2016: Issue 4: Blend 43: James Cooper

Disney’s empire is made of children’s dreams, and is testament to the prevalence and power of this dreaming – as is this show, that blends together the corporate and the childish in a strange landscape of broken signifiers and images. Cooper’s exhibition is a stroll through signs untethered from their referents; they both yield to recognition and resist interpretation and understanding. We can perceive amongst them Sonic the hedgehog, Felix the cat, some of Guston’s lumpy people and then so many brands I don’t know, but can somehow recognise, among them the familiar and the common – like the eponymous blend 43.


Cooper’s drawings seem, on first approach, to be comparable to pop-art strategies; yet their very clear materiality and basic, linear construction exposes a different agenda. Cooper’s line is not a line that is appropriated, taken from another medium – it is not an elision of the fact that it is aquarelle pencil on board. These lines seem more comparable to the naïve artists, Phillip Guston, who is referenced in Cooper’s work, but also to DuBuffet’s ridiculous paintings. The knowing naivety of Cooper’s faltering line appears to examine a wilful infantalisation that is prevalent in contemporary consumer culture. The presence of cartoon characters reinforces this perception. When we have been marketed to from our youth, these industrially produced images take on a totemic character in our lives. The cycle of the production of these images is not upheld in Cooper’s works though; they are instead reflections on the character of existence informed by these products. They have become detritus and waste material, as every sort of commercial image production must become in order to allow more to follow it. So they are, in Cooper’s works, erased and crossed out and hidden from sight. They are failed productions, rendered by a hand that does not try to create the sharp, clear lines of a machine, nor the flat, bold colours of an animation. The faltering character of these drawings is an attempt to come to terms with some more psychological role that these images now play, a sense of recognition we often share.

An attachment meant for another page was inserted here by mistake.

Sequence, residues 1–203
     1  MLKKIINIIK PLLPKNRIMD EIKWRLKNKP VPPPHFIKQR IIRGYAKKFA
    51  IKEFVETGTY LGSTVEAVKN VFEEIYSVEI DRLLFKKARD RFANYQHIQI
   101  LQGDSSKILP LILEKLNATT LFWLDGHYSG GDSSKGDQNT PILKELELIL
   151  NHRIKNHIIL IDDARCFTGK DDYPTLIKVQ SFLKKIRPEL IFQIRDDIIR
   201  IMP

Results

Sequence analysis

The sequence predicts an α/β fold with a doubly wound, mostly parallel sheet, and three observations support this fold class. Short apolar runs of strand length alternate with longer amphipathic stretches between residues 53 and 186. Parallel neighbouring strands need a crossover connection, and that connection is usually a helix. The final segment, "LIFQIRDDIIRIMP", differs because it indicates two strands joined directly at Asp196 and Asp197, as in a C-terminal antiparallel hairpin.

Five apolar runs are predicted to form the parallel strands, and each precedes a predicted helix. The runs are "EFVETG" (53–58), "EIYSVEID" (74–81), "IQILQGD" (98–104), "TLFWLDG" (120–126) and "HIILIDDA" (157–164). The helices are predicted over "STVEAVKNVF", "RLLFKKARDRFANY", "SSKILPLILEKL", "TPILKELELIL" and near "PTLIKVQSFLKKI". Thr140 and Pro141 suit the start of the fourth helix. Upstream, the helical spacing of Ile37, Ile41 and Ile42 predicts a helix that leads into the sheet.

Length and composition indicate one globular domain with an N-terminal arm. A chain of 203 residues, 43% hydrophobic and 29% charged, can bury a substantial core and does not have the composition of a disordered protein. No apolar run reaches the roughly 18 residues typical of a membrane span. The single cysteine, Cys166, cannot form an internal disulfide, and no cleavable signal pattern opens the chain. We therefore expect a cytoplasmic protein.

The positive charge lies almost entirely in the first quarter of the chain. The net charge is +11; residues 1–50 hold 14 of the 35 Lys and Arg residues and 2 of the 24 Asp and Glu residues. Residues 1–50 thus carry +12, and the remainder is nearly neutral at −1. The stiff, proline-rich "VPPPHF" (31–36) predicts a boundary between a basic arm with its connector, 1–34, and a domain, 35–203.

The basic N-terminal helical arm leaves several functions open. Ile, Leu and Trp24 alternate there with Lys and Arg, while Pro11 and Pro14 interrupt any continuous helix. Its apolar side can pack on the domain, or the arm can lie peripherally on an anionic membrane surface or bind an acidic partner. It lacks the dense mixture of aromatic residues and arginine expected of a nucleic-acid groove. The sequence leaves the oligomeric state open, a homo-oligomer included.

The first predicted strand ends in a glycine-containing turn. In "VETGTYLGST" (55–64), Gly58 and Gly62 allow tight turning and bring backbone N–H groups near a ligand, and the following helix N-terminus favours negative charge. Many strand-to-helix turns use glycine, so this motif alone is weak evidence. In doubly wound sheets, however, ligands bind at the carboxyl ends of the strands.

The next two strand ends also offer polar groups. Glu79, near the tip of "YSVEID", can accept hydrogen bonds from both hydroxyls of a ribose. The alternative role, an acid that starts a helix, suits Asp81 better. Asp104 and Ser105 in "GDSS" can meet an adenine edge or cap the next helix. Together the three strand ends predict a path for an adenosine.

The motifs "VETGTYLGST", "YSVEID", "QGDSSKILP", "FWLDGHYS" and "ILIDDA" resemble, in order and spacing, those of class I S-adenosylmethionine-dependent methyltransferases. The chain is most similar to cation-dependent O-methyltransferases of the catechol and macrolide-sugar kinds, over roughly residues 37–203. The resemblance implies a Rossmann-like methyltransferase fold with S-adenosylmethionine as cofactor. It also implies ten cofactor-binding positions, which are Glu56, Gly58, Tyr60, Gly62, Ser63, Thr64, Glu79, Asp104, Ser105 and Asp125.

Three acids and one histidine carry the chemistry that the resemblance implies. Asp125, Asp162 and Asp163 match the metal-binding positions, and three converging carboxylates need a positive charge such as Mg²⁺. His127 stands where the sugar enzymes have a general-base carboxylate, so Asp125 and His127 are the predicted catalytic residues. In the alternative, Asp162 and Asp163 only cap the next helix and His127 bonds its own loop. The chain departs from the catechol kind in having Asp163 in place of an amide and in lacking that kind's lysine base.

Cooper’s show is also a resistance to the packaged and the stylized though. These characters are not copies of the products of commercial entertainment; they are a sketchy language, like maps of navigation in a wasteland of images. Their shaky outlines and rough rendering contribute to their strangeness. It is an act of resistance, which takes the language of numerous sources and combines them in a fractured, dream-like landscape. A free associative list, which, like the lists of David Foster Wallace’s radio host, Madame Psychosis, is not unlike a nightmare.


The very name of the show ‘blend43’ is aligned with the bland, bitter, and dirty left-overs/produce of commerce and industry. Instant coffee, freeze dried, pre-packaged, it is a bizarre parallel to the nature of this show – similarly a nightmare perhaps, but without, unfortunately, any of the intelligence and absurdity. This show stands in contrast to its namesake, it is subtle and strange, and a powerful vision of the world we live in. This exhibition was one of the most potent explorations of image culture I have recently seen. Though it still has specific limitations, its willingness to traverse heterogeneous terrain, and the body of cultural signifiers inherited from television and the Internet that makes up our childhood fantasies has accumulated in something important, and fascinating.


words by Graham Mathwin